Guidelines `winked at'
Soon, financial guarantee bonds were taking the place of not only LOCs, but escrows, deductibles, deposits and other forms of security that restrict capital resources. As this market expanded and competition among insurers heated up, underwriting criteria for these types of bonds began to loosen and too often the `pre-qualification process' was winked at. Bonds were issued to almost anyone regardless of experience, character or financial wherewithal. "The chase for surety bond business led company officials to cross over strict underwriting guidelines and they got into trouble," said Goodwin.
While the financial guarantee business could be profitable, it had the real potential to produce huge losses for insurance companies. In December 2001, Enron's ephemeral financial bubble burst. It declared bankruptcy and the grand, high-flying spree of financial guarantee surety bonds ended with a thud. Claims ranging from $2bn to $4bn were filed against property/casualty insurers, mainly for surety bonds, D&O liability and E&O coverages.
As the unravelling of Enron's complex partnership deals began, claims soon flooded in to surety bond writers. Among them were several from JP Morgan Chase & Co Inc claiming it was owed almost $1bn on six surety bonds that were written by 11 insurers on Mahonia Ltd and Mahonia Natural Gas Ltd, two limited partnership companies located in Jersey, Channel Islands. JP Morgan Chase said the companies prepaid Enron for future oil and gas deliveries that Mahonia then planned to resell and that the surety bonds guaranteed payment of the oil and gas contracts to JP Morgan Chase if Enron collapsed.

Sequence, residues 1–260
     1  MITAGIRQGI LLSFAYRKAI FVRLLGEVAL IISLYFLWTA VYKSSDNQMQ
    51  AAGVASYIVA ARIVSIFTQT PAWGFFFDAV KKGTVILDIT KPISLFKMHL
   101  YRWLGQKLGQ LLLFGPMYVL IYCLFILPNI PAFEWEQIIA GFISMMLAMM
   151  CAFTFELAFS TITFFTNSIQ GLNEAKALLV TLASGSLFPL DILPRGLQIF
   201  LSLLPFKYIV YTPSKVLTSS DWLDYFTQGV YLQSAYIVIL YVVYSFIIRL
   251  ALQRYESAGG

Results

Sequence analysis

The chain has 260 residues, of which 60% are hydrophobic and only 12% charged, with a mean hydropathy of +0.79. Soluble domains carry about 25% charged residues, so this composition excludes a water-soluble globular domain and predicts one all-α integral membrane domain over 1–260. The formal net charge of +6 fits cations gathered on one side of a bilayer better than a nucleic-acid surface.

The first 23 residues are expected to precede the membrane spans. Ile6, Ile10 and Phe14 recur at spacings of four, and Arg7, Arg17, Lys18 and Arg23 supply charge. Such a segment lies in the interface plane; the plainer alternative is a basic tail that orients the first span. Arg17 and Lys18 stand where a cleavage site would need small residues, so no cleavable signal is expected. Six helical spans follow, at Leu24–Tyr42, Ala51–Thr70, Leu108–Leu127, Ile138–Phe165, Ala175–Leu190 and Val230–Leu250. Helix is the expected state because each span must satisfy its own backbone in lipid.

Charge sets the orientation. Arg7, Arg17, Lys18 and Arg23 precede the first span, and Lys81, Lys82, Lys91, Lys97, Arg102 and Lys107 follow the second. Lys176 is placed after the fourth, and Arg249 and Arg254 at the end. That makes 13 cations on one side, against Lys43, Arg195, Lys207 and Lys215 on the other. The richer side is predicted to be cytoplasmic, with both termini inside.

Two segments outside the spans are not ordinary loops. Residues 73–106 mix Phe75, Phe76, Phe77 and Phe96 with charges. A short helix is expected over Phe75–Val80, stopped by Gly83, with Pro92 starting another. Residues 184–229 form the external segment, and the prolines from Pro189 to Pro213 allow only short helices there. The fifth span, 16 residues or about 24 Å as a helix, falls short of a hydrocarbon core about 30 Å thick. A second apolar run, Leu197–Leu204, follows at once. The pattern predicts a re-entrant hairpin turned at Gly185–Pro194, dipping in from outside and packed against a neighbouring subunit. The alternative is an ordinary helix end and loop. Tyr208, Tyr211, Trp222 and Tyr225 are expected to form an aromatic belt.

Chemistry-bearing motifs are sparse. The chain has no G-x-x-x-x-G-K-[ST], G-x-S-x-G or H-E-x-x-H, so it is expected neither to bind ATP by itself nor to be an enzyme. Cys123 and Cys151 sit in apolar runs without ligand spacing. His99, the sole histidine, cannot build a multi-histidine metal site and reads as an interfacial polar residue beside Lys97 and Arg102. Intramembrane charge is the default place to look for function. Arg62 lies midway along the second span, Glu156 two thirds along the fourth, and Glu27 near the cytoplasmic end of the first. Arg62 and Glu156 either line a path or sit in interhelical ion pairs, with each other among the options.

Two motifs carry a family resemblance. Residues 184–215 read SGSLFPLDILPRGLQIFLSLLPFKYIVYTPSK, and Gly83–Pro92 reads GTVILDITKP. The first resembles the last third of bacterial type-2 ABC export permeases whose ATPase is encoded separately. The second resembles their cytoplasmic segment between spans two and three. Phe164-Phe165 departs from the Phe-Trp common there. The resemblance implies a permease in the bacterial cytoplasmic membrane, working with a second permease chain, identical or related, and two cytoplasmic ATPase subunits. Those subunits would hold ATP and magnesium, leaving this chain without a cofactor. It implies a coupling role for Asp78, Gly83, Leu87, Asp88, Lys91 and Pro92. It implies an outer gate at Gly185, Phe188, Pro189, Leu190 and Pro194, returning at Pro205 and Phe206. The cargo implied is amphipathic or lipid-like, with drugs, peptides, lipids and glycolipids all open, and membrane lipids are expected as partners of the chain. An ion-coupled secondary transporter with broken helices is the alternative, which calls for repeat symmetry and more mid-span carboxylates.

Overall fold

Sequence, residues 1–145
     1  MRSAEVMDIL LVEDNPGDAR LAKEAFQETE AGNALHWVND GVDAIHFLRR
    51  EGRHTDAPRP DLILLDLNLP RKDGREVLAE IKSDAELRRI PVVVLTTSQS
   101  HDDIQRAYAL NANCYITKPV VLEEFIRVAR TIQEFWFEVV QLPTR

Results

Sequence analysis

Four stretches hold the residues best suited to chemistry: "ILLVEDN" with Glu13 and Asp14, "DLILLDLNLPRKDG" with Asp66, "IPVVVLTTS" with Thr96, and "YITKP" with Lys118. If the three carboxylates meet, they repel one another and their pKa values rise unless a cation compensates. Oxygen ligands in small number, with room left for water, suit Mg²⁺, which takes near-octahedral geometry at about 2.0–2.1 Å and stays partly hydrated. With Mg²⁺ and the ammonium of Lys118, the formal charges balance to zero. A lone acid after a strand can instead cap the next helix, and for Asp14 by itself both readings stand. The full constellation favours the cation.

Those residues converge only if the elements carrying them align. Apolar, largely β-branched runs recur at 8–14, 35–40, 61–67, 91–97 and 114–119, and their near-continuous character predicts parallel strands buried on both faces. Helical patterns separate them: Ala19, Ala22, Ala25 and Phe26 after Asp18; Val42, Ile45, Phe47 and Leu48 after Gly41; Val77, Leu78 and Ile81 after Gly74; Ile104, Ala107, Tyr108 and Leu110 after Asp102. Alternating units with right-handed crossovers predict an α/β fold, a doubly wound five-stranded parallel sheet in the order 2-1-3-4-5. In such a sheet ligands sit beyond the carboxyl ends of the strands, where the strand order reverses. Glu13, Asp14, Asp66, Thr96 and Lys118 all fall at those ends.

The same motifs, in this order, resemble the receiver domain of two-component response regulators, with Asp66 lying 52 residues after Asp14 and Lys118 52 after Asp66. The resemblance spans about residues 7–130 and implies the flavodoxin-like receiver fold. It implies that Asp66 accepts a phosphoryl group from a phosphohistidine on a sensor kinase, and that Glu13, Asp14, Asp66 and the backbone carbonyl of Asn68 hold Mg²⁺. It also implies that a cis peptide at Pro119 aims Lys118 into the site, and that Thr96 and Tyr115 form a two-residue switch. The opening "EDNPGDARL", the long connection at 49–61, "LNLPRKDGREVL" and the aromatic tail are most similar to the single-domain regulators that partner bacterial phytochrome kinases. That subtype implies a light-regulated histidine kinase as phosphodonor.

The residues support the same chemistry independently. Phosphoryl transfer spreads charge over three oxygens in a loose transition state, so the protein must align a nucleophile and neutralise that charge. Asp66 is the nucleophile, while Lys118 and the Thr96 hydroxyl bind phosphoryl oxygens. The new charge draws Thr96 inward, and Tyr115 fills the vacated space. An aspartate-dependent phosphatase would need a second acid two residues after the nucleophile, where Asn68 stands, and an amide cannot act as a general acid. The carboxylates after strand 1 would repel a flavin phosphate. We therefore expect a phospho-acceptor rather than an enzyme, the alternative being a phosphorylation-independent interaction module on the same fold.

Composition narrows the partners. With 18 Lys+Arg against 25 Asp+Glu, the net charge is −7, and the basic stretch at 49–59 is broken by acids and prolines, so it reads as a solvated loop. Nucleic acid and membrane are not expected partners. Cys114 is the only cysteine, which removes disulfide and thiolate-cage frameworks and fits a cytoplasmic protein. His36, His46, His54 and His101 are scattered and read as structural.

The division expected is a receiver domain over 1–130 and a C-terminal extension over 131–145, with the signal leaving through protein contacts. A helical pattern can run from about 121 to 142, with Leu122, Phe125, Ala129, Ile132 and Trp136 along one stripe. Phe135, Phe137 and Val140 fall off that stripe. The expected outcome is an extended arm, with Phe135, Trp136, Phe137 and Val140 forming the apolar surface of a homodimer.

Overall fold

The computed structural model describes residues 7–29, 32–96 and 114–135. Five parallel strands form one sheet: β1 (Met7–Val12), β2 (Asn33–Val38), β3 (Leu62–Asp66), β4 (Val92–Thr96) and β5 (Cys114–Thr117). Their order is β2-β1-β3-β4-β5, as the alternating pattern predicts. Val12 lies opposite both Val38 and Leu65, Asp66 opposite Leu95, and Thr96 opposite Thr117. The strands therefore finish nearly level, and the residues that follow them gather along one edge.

Insurers participating on the various bonds included Liberty Mutual Insurance Co, two units of Travelers Property Casualty Corp, St Paul Fire & Marine Insurance Co, two units of CNA Financial Corp, Fireman's Fund Insurance Co, SAFECO Insurance Co of America, Federal Insurance, Hartford Fire Insurance Co and Lumbermens Mutual Casualty Co.
Contracts a ruse
In counter-complaints, insurers charged that Enron never intended to deliver oil or gas to Mahonia and further, Mahonia had no facility to accept the products and there were no contracts to sell the oil and gas to others. Rather, insurers charge that the contracts were a ruse meant to disguise hundreds of millions of dollars of loans that JP Morgan Chase made to Enron and thus the bonds were obtained under materially false descriptions which voided them.
Bradish of Cadwalader, Wickersham & Taft, which is representing several insurers in suits against Enron, said he believes the reason Enron sought to protect its Mahonia contracts with surety bonds rather than financial guaranty policies was that bond underwriters would have looked closely at the world's supply of oil and gas but not so thoroughly at Enron's balance sheet. Surety companies can choose to replenish the commodity rather than making a cash payment if a bond goes into default. Financial guaranty insurance policies, however, such as those written by MBIA or FSA, are irrevocable and cover all types of risk, including fraud, and must be paid in cash if the bond goes into default.
While the financial guaranty policies would have provided much broader coverage for Enron, Bradish said, the financial guaranty firms would have examined Enron's balance sheet very, very closely. "This may be one reason," he said, "that Enron did not go to financial guaranty firms for their protection of these contracts. Enron officials may have known they would have been subjected to much greater fiscal scrutiny than what surety bond underwriters would require. And being denied a policy by a financial guaranty company would have sent a very damaging signal to the financial community." Also, buying surety bonds allowed Enron to keep the transactions off its balance sheet and it didn't have to draw down its credit balances.